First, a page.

With thousands of people filling the streets of Philadelphia, Pennsylvania for the 2016 Democratic National Convention, VOA’s Kane Farabaugh narrowed in on one delegate as she made her first trip to a national party convention. It was a day that was anything but routine for this United States military veteran.
    Video

    Video Commerce Thrives on US-Mexico Border

    At the Democratic Convention in Philadelphia this week, the party’s presumptive presidential nominee, Hillary Clinton, is expected to attack proposals made by her opponent, Republican presidential nominee Donald Trump, to build a wall along the U.S.-Mexico border. Last Friday, President Barack Obama hosted his Mexican counterpart, President Enrique Peña Nieto, to underscore the good relations between the two countries. VOA’s Greg Flakus reports from Tucson.
    Video

    Video Film Helps Save Ethiopian Children Thought to be Cursed

    'Omo Child' looks at effort of African man to stop killings of ‘mingi’ children
    Video

    Video London’s Financial Crown at Risk as Rivals Eye Brexit Opportunities

    By most measures, London rivals New York as the only true global financial center. But Britain’s vote to leave the European Union – so-called ‘Brexit’ – means the city could lose its right to sell services tariff-free across the bloc, risking its position as Europe’s financial headquarters. Already some banks have said they may shift operations to the mainland. Henry Ridgwell reports from London.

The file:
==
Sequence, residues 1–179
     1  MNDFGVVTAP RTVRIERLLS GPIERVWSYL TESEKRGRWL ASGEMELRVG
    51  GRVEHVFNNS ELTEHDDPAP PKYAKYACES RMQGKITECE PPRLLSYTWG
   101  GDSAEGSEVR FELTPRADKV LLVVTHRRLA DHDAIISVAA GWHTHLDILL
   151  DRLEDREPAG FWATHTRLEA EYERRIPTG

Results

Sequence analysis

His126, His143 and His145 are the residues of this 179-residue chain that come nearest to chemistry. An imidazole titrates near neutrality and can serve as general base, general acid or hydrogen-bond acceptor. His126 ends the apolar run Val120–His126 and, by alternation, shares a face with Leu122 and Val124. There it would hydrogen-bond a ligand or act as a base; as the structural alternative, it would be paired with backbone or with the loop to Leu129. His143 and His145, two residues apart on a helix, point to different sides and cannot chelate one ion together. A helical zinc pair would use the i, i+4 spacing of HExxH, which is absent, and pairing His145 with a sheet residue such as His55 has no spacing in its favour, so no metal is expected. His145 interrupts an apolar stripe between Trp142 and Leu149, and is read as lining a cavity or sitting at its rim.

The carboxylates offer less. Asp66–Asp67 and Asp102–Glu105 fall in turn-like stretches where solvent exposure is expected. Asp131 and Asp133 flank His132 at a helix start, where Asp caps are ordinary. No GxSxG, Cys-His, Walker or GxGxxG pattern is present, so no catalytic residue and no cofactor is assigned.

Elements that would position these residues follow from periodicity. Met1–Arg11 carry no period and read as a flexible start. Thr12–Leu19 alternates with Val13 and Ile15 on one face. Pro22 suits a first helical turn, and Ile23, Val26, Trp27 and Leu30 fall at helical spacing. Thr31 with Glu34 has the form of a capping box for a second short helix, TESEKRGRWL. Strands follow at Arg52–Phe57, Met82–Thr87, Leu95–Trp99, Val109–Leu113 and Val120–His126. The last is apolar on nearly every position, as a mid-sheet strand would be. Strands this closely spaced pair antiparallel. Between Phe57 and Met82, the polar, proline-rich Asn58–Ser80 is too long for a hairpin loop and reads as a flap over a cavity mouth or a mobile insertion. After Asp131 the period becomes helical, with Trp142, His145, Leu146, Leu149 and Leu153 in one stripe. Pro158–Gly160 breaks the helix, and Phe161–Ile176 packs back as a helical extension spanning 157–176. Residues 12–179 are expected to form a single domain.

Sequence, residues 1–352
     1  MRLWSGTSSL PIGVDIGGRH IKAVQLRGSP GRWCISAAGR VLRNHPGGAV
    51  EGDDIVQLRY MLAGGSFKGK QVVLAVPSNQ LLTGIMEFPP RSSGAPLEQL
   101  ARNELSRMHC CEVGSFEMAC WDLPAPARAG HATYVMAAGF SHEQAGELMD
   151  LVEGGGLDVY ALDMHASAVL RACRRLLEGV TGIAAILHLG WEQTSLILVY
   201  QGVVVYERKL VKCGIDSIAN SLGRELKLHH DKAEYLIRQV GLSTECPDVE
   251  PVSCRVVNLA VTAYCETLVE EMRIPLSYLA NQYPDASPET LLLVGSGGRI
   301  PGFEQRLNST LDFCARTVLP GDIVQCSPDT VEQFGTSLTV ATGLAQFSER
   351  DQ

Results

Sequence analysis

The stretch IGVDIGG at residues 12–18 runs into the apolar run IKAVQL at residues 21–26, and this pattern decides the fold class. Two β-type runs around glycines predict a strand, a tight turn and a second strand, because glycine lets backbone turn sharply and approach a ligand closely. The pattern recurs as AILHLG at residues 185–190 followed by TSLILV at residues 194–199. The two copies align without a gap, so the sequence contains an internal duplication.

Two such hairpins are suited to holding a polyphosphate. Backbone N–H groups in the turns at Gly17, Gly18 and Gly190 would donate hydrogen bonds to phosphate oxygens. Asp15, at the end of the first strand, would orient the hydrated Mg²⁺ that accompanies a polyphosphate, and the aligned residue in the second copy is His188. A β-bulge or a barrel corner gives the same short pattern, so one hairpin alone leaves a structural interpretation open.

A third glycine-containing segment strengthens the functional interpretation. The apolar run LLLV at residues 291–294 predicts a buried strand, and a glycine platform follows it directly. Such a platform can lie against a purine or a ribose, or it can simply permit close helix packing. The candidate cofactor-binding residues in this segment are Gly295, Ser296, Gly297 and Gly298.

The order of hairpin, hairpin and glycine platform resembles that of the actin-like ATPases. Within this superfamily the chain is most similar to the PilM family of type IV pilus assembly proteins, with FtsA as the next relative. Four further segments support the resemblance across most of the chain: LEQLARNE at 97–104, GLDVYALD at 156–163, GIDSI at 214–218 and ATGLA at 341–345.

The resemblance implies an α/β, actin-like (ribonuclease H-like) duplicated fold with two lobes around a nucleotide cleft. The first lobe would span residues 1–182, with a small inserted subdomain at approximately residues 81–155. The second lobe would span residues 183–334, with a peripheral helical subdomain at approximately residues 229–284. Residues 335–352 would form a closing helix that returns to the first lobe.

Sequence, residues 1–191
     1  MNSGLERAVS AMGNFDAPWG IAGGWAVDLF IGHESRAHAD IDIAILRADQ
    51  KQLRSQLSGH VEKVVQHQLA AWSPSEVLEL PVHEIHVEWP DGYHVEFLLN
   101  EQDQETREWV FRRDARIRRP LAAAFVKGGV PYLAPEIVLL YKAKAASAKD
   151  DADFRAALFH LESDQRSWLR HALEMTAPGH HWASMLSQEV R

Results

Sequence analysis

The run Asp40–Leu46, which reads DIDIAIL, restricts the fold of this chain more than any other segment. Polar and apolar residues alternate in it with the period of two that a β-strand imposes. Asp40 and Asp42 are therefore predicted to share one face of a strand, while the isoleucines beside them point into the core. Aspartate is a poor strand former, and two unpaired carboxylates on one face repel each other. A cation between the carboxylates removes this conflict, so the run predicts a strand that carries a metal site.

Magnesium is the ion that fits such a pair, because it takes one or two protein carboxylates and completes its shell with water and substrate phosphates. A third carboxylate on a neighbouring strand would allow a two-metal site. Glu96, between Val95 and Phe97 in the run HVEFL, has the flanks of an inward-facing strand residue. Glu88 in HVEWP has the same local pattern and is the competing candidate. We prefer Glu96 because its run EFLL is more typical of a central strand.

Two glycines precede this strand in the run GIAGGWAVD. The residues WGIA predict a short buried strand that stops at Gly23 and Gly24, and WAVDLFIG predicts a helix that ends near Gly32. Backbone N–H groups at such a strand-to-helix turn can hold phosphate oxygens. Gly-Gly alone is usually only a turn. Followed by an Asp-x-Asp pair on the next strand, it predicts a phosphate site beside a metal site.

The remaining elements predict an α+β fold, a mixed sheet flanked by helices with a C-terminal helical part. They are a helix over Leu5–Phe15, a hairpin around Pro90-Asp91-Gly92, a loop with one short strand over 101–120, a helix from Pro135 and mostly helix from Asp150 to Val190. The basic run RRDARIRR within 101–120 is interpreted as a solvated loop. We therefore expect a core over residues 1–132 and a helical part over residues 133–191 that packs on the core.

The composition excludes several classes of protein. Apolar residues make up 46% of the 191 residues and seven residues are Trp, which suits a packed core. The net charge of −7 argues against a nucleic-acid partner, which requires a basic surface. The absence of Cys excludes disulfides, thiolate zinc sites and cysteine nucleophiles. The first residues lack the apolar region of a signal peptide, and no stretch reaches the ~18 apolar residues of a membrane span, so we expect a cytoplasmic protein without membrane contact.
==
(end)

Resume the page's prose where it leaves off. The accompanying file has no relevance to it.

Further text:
Video

    Video Recycling Lifeline for Lebanon’s Last Glassblowers

    In a small Lebanese coastal town, one family is preserving a craft that stretches back millennia. The art of glass blowing was developed by Phoenicians in the region, and the Khalifehs say they are the only ones keeping the skill alive in Lebanon. But despite teaming up with an eco-entrepreneur and receiving an unexpected boost from the country’s recent trash crisis the future remains uncertain. John Owens reports from Sarafand.
    Video

    Video Migrants Continue to Risk Lives Crossing US Border from Mexico

    In his speech Thursday before the Republican National Convention, the party’s presidential candidate, Donald Trump, reiterated his proposal to build a wall along the U.S.-Mexico border if elected. Polls show a large percentage of Americans support better control of the nation's southwestern border, but as VOA’s Greg Flakus reports from the border town of Nogales in the Mexican state of Sonora, the situation faced by people trying to cross the border is already daunting.

    Special Report

    Adrift The Invisible African Diaspora